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  Scalar fields in AdS$_3$

+ 1 like - 0 dislike

I'm looking at lecture notes on AdS/CFT by Jared Kaplan, and in section 4.2 he claims that the action for a free scalar field in AdS$_3$ is $$S=\int dt d\rho d\theta \dfrac{\sin\rho}{\cos\rho}\dfrac{1}{2}\left[\dot{\phi}^2-\left(\partial_\rho\phi\right)^2-\dfrac{1}{\sin^2\rho}\left(\partial_\theta\phi\right)^2-\dfrac{m^2}{\cos^2\rho}\phi^2\right]$$ and that the canonical momentum conjugate to $\phi$ is $$P_\phi=\dfrac{\delta L}{\delta\dot{\phi}}=\dfrac{\sin\rho}{\cos^2\rho}\dot{\phi}$$ Now, my question is: where do the $\cos^2\rho$ terms in the action and the conjugate momentum come from?

Maybe I'm missing something obvious, but when computing the canonical momentum, shouldn't I only pick up the prefactor of $\frac{\sin\rho}{\cos\rho}$?

As for the mass term in the action, I know that the free scalar field action in AdS$_{d+1}$ is $$S=\int_{AdS}d^{d+1}x\sqrt{-g}\left[\dfrac{1}{2}\left(\nabla_A\phi\right)^2-\dfrac{1}{2}m^2\phi^2\right]$$ with the metric $$ds^2=\dfrac{1}{\cos^2{\rho}}\left(dt^2-d\rho^2-\sin^2{\rho}\ d\Omega_{d-1}^2\right)$$ so how is the mass term picking up an extra $\frac{1}{\cos^2\rho}$?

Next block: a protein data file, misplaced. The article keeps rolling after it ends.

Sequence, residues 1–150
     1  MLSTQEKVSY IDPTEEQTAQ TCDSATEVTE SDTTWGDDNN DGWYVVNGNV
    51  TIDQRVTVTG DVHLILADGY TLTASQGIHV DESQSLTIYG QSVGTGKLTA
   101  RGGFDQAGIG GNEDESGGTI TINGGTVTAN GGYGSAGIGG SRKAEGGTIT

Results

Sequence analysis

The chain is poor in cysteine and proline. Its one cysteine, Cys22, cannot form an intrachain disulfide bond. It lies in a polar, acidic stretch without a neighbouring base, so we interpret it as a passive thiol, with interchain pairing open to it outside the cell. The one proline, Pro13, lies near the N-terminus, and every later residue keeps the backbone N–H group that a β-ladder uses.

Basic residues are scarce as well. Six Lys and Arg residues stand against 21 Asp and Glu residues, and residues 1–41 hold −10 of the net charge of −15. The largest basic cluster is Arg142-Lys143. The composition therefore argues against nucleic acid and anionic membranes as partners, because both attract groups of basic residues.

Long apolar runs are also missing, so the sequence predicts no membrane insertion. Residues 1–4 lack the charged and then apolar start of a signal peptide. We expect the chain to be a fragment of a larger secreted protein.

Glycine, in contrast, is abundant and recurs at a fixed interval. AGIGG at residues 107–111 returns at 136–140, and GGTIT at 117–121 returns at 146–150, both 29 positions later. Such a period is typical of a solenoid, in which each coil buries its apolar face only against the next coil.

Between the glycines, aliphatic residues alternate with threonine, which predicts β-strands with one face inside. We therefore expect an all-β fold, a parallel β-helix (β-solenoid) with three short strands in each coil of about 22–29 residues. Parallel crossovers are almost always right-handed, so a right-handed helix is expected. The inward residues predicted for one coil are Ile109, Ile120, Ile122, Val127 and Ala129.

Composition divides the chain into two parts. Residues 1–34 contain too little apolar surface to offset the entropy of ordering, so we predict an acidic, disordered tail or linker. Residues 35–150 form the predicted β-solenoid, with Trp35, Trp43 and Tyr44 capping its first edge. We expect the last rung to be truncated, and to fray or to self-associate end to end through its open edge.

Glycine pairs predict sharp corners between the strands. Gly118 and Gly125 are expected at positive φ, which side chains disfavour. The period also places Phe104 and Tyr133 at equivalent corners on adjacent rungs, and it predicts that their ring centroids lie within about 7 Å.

This post imported from StackExchange Physics at 2016-03-29 19:59 (UTC), posted by SE-user Demosthene
asked Mar 29, 2016 in Theoretical Physics by Demosthene (10 points) [ no revision ]

2 Answers

+ 2 like - 0 dislike

The determinant of the metric is

$$ \sqrt{|g|} = \frac{\sin \rho }{\cos^3 \rho} = \frac{\sin \rho}{\cos \rho} \frac{1}{\cos^2 \rho} $$

which gives you the desired factor of $1/\cos^2 \rho$.

answered Apr 3, 2016 by Bootstrapper [ no revision ]
+ 0 like - 0 dislike

The metric for $AdS_3$ is $$ds^2=\frac{1}{cos^2\rho}(dt^2-d\rho^2-sin^2\rho d\theta^2)$$, because $d=1$ is $AdS_3$. So $$g=\frac{1}{cos^2\rho}\times\frac{-1}{cos^2\rho}\times\frac{-sin^2\rho}{cos^2\rho}=\frac{sin^2\rho}{cos^6\rho}.$$ That's why in the mass term there is an extra $\frac{1}{cos^2\rho}$. 

And I think there is a typo in the expression of the momentum. It should be $$P_\phi=\frac{sin\rho}{cos\rho}\dot{\phi}.$$

answered Apr 3, 2016 by HBChen (35 points) [ revision history ]
reshown Apr 19, 2016 by dimension10

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